City Works seeks aspiring authors

City Times

San Diego City College has the market cornered on independent publishing. City Works Press, run out of several tiny offices on campus, is run collectively, self supported and entirely innovative.

Say what you will about San Diego’s rapidly growing population, posh downtown development, rejuvenated “urban living”, or the local music scene, but the truth remains: San Diego is sadly lacking a literary scene, and until 2003, there wasn’t a local press to speak of.

Enter stage left: City Works Press. Since its evolution, City Works has published three novels and two chapbooks of student writing.

Local writers and students have a unique opportunity to be published by a legitimate press by either submitting to the Chapbook Contest ending on Dec. 18, as well as the City College supported City Works Journal which accepts submissions until Feb. 23.

The press is run by the San Diego Writers Collective, a group of City College faculty, writers and arts supporters from all over San Diego. The press began by opening a non-profit account at the San Diego City College Foundation and raising funds.

In 2004, the San Diego Writers Collective received a huge boost when the American Federation of Teachers, local 1931, matched the seed money the collective had raised. Also in 2004, Jazz 88 jumped on board to help promote the press.

Currently, City Works is in the beginning stages of publishing its fourth novel and they don’t appear to be slowing. They have managed to self-support the press by the profits made from their book sales, which far exceeded their hopes.

City College President Terrence Burgess has been consistently supportive of the whole venture. With new funds coming into City College, Burgess hopes to design an expanded literary center that will be home to the press as well as City Works Journal and the annual Book Fair.

The first novel, “Sunshine/Noir: Writing from San Diego and Tijuana,” launched the press.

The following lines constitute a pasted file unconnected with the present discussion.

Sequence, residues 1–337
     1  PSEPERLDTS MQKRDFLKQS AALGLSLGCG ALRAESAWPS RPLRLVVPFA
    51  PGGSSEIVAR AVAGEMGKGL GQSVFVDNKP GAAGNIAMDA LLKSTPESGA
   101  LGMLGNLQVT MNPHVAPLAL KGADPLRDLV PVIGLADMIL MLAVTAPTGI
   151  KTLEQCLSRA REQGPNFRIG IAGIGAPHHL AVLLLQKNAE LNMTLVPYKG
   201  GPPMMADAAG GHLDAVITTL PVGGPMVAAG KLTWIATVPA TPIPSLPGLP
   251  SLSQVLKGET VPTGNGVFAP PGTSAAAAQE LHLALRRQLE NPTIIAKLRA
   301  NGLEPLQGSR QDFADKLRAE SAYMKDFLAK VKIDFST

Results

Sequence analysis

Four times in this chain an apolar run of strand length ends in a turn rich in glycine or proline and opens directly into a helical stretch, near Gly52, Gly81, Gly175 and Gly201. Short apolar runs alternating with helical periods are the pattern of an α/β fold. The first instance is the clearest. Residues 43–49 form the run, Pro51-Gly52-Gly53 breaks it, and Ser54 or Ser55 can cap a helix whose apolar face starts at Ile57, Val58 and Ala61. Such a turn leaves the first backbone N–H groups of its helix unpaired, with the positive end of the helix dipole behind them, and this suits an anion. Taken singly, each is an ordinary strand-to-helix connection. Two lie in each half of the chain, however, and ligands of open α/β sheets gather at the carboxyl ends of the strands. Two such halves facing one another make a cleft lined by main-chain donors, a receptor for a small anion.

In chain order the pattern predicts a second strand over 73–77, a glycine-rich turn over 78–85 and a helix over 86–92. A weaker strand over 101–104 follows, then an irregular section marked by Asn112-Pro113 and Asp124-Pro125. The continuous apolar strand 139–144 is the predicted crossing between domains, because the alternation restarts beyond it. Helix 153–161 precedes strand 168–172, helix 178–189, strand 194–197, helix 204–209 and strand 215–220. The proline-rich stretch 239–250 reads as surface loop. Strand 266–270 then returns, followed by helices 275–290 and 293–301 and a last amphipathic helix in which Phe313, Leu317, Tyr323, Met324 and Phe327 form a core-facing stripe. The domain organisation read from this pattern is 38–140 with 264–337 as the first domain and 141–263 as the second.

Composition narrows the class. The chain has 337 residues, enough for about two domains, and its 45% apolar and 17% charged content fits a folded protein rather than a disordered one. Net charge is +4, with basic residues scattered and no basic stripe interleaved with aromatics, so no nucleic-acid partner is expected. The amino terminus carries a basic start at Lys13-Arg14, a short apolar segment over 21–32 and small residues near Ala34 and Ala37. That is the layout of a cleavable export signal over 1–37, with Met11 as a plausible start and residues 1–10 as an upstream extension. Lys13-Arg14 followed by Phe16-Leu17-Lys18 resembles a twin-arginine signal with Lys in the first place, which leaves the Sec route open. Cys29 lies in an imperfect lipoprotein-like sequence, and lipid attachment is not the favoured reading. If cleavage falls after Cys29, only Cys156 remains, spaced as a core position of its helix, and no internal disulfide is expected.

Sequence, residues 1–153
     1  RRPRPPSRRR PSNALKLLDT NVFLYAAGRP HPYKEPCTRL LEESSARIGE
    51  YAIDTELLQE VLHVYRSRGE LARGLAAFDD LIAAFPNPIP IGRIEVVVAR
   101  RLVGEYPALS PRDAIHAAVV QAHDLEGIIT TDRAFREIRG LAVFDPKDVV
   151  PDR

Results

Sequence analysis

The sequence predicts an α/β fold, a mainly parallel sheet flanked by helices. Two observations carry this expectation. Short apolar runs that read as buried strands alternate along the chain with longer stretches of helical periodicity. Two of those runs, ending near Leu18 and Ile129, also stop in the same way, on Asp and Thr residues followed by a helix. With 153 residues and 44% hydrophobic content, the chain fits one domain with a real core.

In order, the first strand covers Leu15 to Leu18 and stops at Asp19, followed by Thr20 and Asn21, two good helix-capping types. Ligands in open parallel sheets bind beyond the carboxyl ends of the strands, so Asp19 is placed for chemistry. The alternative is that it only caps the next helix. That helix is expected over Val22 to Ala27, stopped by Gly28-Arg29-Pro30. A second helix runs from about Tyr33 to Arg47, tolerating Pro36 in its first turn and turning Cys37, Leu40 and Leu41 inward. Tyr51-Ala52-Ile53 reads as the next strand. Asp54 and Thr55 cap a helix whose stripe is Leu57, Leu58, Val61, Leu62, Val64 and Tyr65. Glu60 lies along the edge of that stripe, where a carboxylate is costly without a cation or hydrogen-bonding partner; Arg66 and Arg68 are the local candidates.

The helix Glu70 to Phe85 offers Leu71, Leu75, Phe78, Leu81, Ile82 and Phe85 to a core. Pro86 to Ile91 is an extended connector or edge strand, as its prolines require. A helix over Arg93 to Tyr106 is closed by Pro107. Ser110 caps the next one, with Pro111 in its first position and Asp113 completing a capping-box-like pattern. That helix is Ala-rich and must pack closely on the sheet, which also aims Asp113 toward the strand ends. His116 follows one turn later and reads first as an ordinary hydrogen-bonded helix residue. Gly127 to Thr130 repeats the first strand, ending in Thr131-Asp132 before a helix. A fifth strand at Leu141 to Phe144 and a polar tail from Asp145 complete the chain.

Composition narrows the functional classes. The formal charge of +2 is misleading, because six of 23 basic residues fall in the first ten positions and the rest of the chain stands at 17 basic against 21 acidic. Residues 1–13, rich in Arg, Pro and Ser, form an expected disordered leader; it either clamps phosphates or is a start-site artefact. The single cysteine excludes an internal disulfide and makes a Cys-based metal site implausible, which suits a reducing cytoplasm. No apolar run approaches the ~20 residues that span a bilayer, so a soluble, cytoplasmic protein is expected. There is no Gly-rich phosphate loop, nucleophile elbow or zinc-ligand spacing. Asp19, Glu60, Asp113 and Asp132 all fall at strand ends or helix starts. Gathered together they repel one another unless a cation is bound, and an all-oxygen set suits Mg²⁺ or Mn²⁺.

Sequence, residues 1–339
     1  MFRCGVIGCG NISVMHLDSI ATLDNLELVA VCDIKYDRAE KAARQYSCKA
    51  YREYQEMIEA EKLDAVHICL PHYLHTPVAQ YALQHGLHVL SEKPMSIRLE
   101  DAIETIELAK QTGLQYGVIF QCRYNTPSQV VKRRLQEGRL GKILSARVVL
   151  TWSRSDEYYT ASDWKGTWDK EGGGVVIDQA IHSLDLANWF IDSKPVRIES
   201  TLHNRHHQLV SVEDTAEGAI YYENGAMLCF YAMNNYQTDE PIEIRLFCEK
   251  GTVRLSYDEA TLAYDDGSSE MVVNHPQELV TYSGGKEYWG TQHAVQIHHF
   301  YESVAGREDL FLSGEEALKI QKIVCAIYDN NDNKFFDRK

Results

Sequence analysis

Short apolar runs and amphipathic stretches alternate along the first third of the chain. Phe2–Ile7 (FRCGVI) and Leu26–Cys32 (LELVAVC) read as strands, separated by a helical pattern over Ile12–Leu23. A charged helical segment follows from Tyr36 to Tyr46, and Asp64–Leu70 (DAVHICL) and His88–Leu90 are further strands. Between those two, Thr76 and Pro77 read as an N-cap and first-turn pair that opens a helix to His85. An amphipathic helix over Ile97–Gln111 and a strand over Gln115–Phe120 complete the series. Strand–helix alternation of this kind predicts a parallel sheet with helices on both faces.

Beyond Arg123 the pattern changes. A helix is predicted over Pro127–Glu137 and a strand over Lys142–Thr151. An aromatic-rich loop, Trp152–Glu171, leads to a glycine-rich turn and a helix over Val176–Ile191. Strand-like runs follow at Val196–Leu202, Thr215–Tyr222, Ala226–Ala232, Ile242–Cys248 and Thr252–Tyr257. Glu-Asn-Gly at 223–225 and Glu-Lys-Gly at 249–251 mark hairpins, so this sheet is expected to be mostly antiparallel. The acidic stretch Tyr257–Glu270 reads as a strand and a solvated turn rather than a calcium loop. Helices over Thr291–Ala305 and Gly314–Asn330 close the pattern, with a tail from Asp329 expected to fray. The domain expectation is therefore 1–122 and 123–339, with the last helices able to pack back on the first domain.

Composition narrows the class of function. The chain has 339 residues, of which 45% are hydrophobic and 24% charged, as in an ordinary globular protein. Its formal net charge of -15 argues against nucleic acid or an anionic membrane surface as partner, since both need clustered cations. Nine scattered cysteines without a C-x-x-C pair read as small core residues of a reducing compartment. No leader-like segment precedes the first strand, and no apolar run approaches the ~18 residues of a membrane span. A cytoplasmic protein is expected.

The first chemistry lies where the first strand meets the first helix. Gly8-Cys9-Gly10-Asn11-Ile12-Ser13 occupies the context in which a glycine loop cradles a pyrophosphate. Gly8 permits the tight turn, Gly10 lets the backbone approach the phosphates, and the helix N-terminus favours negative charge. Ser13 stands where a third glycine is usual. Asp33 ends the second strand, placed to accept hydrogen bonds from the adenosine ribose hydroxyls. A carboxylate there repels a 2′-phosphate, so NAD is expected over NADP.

“‘Sunshine/Noir’ did so well, the press made more money than they had spent publishing the book,” said Burgess.

According to Jim Miller, one of the founders of the press and a City College English professor, he was prompted by a certain frustration with mainstream publishing to start something different, something grassroots.

“A lot of commercial presses just don’t treat writers well. With us, authors get to work with the project,” said Miller. “They really get to keep their hands on the project.”

Unlike corporate publishers, if you are published by City Works Press, you still own your copyright.

“Nobody makes personal profit from book sales, it all gets recycled back into City Works press and covers the cost of printing,” said Miller. “But because writers get to keep their copyright, they can use it as a stepping stone.”

“We are really trying to be an alternative model for publishing and we are trying to build a local writers community.”

“There isn’t really a college press (in San Diego) doing what we do,” said Chris Baron, Associate Professor of English and part of the collective. “It is very similar to independent films where you have small releases. If it’s a successful book it can be taken up by a larger press.”

So far, the books published by City Works have received glowing reviews from local papers like CityBeat and The San Diego Union-Tribune. The positive response is indicative of the fact that this press has done something entirely new to San Diego.

For more information about how to submit written work visit

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City Works seeks aspiring authors